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Making Climate Choices More Transparent

Updated: Feb 10, 2022

Events of recent weeks have come as rather an unpleasant surprise, with fuel shortages, hikes in energy prices and disruption to deliveries of various goods. The true cause of these unwelcome events is not always clear and having the smooth running of our everyday lives disturbed by things we don’t understand can be frustrating, annoying and also a little worrying.

Today we live in a very complex world where the provision of energy, food, clothes and all those things that makes our lives complete, is often controlled by actions taken far away, in a complex maze of international dealings and supply chains, that we have no control over.

Perhaps more importantly we seem to have also lost interest in where those things come from, how they are produced and more importantly the damage that might be done to our environment in supplying them - out of sight, out of mind.

When we do see and understand the impact of external actions on our lives, we have the opportunity to respond and do something about it. Whether that be raising objections to a new housing development in Pannal, protecting trees in the Pinewoods or simply looking elsewhere, when presented with an insurance renewal quote that makes a mockery of customer loyalty.

Climate action is no different. As consumers we are very powerful, our buying decisions will ultimately determine the way goods and services are produced and supplied but we need help. There needs to be clear visibility of the carbon emissions associated with the products and services we buy, but more than that, manufacturers and suppliers need to provide low emission versions of many products that we rely on, if we are to minimise disruption and continue to progress as humankind.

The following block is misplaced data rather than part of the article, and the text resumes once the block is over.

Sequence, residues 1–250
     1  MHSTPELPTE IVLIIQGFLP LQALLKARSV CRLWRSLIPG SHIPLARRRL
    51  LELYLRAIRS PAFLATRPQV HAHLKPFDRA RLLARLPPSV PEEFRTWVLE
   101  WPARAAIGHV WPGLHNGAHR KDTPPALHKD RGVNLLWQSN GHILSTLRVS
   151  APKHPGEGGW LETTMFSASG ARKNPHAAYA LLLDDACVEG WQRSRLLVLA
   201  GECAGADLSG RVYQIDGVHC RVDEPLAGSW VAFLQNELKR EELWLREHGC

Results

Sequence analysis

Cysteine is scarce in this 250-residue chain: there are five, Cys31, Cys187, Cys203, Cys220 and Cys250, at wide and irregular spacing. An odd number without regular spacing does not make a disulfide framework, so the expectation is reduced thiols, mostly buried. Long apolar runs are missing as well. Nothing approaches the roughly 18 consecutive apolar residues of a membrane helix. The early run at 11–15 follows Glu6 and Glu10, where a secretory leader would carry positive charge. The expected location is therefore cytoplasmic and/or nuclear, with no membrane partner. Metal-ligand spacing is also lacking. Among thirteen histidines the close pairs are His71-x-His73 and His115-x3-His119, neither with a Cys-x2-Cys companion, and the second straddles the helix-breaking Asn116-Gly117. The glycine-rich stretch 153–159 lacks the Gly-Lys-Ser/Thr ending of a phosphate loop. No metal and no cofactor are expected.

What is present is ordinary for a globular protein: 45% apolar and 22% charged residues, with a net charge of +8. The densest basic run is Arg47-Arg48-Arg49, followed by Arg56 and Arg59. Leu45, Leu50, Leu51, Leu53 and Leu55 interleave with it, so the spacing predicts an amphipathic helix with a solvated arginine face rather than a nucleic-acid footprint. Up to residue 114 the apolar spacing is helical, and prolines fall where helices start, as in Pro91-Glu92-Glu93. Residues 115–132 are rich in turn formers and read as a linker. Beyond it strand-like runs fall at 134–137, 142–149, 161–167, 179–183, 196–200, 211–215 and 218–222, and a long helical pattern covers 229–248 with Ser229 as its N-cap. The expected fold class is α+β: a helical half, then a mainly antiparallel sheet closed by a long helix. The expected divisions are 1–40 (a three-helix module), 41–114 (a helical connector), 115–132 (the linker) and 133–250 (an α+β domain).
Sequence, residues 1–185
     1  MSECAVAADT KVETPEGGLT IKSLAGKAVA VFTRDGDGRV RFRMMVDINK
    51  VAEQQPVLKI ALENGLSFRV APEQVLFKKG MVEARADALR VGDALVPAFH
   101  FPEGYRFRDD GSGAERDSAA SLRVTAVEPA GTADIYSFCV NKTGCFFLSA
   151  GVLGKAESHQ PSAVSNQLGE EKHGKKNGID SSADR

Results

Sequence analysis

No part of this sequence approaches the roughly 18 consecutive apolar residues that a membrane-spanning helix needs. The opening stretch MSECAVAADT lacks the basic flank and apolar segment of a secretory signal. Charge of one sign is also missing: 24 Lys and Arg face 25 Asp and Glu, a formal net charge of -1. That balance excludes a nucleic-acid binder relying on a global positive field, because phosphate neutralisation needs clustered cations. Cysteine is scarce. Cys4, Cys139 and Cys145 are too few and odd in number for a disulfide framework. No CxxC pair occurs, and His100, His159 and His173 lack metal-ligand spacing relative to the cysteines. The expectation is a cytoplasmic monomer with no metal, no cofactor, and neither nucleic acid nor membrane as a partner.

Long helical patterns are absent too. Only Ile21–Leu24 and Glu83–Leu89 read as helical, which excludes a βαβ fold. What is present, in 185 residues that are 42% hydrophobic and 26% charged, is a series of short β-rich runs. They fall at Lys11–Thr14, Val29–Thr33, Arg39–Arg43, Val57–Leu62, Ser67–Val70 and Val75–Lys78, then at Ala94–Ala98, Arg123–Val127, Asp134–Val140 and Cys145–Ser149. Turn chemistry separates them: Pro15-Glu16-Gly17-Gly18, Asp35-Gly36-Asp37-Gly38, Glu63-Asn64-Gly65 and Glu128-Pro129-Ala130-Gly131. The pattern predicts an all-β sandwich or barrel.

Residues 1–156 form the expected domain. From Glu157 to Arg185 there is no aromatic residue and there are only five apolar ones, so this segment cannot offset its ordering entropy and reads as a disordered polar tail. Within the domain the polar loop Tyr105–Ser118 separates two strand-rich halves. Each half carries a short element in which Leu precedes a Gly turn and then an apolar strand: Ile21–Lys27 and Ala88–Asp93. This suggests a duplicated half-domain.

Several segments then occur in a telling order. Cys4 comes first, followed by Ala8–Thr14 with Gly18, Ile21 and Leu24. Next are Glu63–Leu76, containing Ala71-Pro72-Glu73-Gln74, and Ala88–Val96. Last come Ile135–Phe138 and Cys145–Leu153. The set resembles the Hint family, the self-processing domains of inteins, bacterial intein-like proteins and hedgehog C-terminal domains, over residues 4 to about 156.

The first Harrogate Climate Action Festival, launched on Saturday at Harrogate College, was attended by many people who are already taking steps to reduce their carbon emissions, on things like travel, diet and home energy use. Things they recognise as being damaging to the climate; things they have direct control over; things where viable options are available. However, very few were even aware of the full emissions associated with some of our most popular consumer habits or what action to take when they were made aware.

Take the internet for example. In terms of greenhouse gas emissions, it is similar to the amount produced by the airline industry globally and this figure is expected to double by 2025! So, should we all stop using the internet?

The answer lies in the outcomes from COP26, the UN climate summit taking place in Glasgow in a few weeks’ time. That is why it is so important to all of us, even here in the Harrogate District.

If we are to addresses the joint climate and biodiversity crisis that we face, as a result of the human population growing from two to almost eight billion people, we need to find global solutions. Solutions that allow humankind to continue to advance in education, medicine, social care and yes, entertainment. The governments of the world need to navigate a course through the political, economic, cultural and societal barriers that are preventing the civilised world from implementing these solutions in a way that is agreeable to all.

COP26 is an opportunity for governments around the world to take a firm, joint stance, agree transparent policies and start to address the urgent actions that are needed, if our world is to continue to support life.


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